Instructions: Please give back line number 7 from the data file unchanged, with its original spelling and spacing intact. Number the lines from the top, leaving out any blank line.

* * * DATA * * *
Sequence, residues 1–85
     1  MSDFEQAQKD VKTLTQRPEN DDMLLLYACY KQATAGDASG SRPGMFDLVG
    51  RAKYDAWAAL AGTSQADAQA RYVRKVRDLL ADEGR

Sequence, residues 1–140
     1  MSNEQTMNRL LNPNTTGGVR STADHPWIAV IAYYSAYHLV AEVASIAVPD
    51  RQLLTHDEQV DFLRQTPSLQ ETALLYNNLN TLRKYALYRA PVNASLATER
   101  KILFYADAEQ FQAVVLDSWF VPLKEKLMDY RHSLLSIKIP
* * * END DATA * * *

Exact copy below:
   101  KILFYADAEQ FQAVVLDSWF VPLKEKLMDY RHSLLSIKIP